The April issue of Vascular Disease Management presents an article by Jason Salsamendi, MD, on the use of the AngioVac vacuum-operated thrombectomy tool (AngioDynamics) to remove large venous thrombus mechanically without the need for chemical lytic therapy. The AngioVac device is one of several new mechanical thrombectomy devices designed to treat organized thrombus.
Thrombus removal is an integral part of peripheral arterial and venous intervention. Surgical embolectomy and thrombectomy is established and is often highly effective, but it is not always practical. Although lytic infusion is effective in treating arterial and venous thrombus, requires critical care monitoring and occasional prolonged infusions, and is associated with a risk of bleeding, which in some cases can be fatal.
The combination of mechanical devices and thrombolytic drugs has been shown to shorten the course of therapy but is still associated with bleeding risk and the need for close hemodynamic monitoring. Many patients with thrombus are not ideal candidates for lytic therapy because of advanced age, concomitant cancer, bleeding disorders, recent surgery, prior stroke, profound hypertension, anemia, thrombocytopenia, and many other reasons. There is obviously a role for direct thrombus removal without lytic, because it may lessen the risk of bleeding and result in more rapid removal of the thrombus. Large thrombi and emboli consisting of older, organized thrombus have historically not responded well to first-generation mechanical thrombectomy devices. Newer devices are showing promise in the treatment of these disorders without the need for concomitant administration of thrombolytic drugs.
The AngioVac device utilizes a 22 Fr suction cannula coupled to an extracorporeal veno-venous bypass circuit to aspirate thrombus and blood then return blood to the patient. The AngioVac system has successfully demonstrated removal of old organized thrombus primarily in the venous system without the need for lytic drugs. Typically this is utilized to create a large channel following which the patient is maintained on anticoagulant drugs allowing the body’s intrinsic thrombolytic system to clean minor residual thrombus. This has the potential to dramatically decrease bleeding risk, rapidly remove thrombus, shorten hospital stay, and expand the potential pool of patients that can be treated interventionally. The device is large, but it is typically well tolerated in the venous system. Other lower profile devices have shown promise in removing large amounts of organized thrombus in the arterial system. The Indigo system by Penumbra couples aspiration and a distal macerator to break the thrombus into smaller pieces, facilitating removal by suction aspiration. This device allows tracking into smaller arteries to retrieve distal emboli. In Europe, the Rotarex device (Straub Medical) utilizes an Archimedean screw to macerate and retrieve thrombus. This system also allows tracking through distal vessels.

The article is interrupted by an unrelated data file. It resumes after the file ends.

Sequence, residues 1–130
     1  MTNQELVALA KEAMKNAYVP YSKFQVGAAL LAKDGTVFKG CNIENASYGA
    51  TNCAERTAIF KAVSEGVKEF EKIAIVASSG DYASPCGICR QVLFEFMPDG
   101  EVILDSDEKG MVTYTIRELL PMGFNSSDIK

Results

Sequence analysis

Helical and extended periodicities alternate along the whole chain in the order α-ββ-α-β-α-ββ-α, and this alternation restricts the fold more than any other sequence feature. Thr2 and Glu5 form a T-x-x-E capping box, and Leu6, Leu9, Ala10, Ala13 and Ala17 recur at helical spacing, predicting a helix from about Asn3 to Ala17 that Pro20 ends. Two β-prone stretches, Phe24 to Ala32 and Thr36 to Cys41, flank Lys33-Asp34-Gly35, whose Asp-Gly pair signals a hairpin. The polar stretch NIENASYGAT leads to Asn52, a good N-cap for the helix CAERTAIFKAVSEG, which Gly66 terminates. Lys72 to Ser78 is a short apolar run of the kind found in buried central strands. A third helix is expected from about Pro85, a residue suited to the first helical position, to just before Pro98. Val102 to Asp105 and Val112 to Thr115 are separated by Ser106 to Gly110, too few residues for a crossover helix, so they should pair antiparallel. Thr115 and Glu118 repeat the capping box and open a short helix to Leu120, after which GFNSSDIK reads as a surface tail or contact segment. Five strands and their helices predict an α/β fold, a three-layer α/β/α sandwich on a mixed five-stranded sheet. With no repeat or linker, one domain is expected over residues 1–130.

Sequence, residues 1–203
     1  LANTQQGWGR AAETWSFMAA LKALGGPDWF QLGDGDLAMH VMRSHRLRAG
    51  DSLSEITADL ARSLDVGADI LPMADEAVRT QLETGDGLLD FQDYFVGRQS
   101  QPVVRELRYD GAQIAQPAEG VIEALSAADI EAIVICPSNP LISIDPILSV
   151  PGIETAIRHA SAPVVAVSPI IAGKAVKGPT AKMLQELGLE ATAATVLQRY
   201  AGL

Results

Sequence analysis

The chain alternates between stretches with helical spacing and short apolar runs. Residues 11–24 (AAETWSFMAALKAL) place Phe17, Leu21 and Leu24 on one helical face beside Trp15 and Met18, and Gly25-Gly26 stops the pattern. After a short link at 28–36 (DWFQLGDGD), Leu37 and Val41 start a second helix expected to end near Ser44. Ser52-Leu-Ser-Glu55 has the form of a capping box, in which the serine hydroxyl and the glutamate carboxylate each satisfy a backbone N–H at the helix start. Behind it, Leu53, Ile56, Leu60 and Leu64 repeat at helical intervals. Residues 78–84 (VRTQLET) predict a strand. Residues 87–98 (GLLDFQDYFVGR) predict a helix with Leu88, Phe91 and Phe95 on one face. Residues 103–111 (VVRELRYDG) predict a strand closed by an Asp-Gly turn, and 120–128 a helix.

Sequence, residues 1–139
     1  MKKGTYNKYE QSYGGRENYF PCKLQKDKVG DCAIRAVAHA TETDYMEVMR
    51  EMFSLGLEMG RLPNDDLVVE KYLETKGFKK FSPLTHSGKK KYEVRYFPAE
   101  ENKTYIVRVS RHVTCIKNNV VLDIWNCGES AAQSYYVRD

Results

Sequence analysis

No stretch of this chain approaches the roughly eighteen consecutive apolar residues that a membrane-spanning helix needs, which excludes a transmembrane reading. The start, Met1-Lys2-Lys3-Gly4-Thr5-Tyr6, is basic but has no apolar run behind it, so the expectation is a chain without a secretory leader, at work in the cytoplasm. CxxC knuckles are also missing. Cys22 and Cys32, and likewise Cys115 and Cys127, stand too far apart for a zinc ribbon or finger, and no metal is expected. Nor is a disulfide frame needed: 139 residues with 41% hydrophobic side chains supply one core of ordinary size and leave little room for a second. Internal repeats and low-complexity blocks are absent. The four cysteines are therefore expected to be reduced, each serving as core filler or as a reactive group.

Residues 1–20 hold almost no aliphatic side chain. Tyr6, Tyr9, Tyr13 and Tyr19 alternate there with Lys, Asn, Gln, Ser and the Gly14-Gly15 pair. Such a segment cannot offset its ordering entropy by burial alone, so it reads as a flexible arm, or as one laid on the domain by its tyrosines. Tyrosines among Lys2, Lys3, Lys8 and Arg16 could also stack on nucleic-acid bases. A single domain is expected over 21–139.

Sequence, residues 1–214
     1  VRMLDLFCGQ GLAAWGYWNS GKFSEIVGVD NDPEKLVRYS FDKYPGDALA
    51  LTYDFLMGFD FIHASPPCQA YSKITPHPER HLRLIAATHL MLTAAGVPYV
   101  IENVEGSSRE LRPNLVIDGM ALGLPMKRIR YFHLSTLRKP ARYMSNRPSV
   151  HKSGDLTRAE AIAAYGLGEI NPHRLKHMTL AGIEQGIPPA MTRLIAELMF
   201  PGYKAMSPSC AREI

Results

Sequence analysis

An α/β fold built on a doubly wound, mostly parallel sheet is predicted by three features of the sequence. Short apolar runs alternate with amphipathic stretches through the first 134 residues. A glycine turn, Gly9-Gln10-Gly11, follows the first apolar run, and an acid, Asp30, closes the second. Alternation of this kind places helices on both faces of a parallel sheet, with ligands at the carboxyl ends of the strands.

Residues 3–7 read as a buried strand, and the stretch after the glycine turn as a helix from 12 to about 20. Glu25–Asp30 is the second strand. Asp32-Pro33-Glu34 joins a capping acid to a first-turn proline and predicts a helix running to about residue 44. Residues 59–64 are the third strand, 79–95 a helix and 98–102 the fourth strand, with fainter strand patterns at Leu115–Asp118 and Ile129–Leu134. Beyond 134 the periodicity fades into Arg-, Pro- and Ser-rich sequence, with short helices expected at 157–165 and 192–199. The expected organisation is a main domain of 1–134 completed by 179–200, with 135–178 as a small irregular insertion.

Thrombolytic therapy has allowed clinicians to successfully treat patients with acute and chronic thrombus. Unfortunately, some patients are not suitable candidates and, rarely, even ideal candidates have major complications. Newer mechanical devices show great promise in treating acute and chronic thrombus. It will be important to comprehensively assess the overall costs as well as the benefits of these new devices.